PAC-Maps is also available on iOS and Android devices with the latest download of the Google Maps app. Just click on Settings and choose the “Insert Coin” option. PAC-MAN can only be played in a few places on your mobile device but have no fear, Google has left clues for us to try and figure out where.
Flippity.net, makers of activity templates for Google Sheets, has created one that mimics the classic Jeopardy game show board. In four steps you can customize a game board consisting of six topic columns with five question-&-answer squares each.
Step #1: Use this link to access a ‘view-only’ version of the template from their website, which will open in Google Sheets. Use the Google Sheets File Menu to ‘Make a copy…’ so that you can edit the game board content. Customize the topic columns, question cells, and corresponding answer cells. Use the row headers to keep track of which questions cells are paired to which answer cells.
Step #2: Once you have finished customizing your game board, use the Google Sheets File Menu to ‘Publish to the web…’ From the pop-up menu, verify that you are publishing the ‘Entire Document’ to a ‘Link,’ then choose ‘Publish.’ Copy the URL that is generated to the virtual clipboard and then return to the game board.
Step #3: At the bottom of the Google Sheets project locate and click on the second sheet entitled, ‘Get the Link Here.’ Paste the ‘Publish link’ you just copied into the designated cell. This will auto-generate a Flippity link to your quiz show.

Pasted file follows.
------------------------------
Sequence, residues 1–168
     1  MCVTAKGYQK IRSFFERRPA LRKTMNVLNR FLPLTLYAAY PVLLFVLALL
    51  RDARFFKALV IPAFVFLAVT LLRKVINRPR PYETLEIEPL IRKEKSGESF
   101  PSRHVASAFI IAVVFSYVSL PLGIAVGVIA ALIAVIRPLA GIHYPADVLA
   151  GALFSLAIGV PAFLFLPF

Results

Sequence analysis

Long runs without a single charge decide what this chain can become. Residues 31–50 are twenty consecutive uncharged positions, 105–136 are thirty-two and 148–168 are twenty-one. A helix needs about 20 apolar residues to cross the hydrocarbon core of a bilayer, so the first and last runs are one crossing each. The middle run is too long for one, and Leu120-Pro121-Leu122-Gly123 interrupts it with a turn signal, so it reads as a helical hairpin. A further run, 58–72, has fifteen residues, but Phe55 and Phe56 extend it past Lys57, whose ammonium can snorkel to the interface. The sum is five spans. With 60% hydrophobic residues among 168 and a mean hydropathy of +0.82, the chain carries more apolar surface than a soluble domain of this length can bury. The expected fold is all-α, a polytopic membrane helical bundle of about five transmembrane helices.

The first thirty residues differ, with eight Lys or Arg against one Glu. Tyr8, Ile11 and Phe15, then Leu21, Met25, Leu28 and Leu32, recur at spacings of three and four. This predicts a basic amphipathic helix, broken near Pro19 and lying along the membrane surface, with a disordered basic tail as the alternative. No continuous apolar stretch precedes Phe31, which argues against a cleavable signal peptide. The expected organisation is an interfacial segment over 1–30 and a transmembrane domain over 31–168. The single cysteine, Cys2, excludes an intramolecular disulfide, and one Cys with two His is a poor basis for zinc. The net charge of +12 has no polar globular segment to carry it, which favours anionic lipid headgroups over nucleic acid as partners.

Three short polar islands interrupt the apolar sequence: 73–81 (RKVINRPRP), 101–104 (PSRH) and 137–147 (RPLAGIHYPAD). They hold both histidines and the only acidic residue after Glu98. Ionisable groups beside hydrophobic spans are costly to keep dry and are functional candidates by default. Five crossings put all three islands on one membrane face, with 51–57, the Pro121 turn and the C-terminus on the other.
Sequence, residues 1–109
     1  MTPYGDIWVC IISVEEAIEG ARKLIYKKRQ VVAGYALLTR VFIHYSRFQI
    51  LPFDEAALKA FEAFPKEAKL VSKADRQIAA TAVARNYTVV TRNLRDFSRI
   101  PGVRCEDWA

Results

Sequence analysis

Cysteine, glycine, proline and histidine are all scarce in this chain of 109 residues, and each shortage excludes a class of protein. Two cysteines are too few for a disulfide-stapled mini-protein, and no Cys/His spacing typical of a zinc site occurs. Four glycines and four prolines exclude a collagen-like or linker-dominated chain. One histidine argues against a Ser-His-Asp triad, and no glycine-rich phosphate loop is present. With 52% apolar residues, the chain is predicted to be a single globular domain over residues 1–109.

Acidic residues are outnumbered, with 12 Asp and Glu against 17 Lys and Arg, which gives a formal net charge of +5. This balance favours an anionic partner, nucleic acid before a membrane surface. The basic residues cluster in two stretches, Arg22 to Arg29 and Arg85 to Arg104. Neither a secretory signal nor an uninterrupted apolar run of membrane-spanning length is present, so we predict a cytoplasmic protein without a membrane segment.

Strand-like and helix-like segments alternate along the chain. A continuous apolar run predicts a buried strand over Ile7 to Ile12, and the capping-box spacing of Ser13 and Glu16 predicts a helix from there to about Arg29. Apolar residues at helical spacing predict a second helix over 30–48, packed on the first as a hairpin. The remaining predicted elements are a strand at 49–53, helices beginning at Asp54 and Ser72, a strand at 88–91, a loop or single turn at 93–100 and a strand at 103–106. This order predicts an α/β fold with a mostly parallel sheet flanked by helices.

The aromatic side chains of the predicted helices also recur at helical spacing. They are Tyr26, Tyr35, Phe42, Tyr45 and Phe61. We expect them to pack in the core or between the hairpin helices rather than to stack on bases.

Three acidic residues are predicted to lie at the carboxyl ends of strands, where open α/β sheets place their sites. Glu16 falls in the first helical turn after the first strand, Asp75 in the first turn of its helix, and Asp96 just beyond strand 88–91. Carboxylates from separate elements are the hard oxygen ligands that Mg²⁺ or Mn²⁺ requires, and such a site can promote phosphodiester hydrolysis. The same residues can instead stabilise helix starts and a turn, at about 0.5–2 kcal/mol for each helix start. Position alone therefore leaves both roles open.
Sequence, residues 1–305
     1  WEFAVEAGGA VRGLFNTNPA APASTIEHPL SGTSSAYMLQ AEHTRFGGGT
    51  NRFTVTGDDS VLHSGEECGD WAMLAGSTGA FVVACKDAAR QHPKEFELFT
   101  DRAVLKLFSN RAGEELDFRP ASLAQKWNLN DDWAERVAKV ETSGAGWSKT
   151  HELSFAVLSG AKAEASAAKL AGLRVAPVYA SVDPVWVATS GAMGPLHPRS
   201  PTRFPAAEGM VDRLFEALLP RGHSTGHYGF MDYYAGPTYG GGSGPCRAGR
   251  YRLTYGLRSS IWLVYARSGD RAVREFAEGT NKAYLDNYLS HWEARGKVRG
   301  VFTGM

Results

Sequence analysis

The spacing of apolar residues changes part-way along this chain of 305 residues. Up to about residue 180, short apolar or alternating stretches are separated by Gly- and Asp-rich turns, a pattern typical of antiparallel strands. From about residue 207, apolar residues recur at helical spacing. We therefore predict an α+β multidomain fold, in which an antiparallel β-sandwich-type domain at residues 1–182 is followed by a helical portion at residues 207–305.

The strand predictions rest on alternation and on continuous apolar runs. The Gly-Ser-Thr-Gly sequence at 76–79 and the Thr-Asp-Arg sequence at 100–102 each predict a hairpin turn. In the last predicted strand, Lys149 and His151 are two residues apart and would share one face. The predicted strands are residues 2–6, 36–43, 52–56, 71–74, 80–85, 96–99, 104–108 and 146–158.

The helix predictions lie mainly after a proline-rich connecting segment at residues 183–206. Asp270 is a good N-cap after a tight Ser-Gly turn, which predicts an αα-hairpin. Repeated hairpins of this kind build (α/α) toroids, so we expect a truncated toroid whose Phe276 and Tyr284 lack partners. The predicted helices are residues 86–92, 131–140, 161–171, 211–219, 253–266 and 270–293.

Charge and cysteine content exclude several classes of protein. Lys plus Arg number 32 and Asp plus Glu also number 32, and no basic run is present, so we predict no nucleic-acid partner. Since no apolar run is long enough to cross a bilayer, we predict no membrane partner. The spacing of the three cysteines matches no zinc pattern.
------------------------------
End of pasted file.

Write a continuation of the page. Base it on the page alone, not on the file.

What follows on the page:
Step #4: Copy-&-Paste the Flippity link into a new browser tab/window to load your quiz show game board. To the left of the game board are your colored team markers. Use these to submit team answers and it will automatically keep track of each team’s score. Use the plus/minus signs at the bottom of the page to add/subtract the number of teams who as needed (min = 1, max = 6).
For each square:
Click once on a point value to reveal the question.
Click on the question to reveal the answer.
For each team marker click the checkmark (green) if they provided the correct answer, click the X (red) if their answer was incorrect, or leave both blank if they failed to provide an answer within the allocated time. Click the answer square to return to the game board, where that question will now be grayed out to show it has been used.
Correct answers earns points, incorrect answers lose points, and no answers neither gain nor lose points.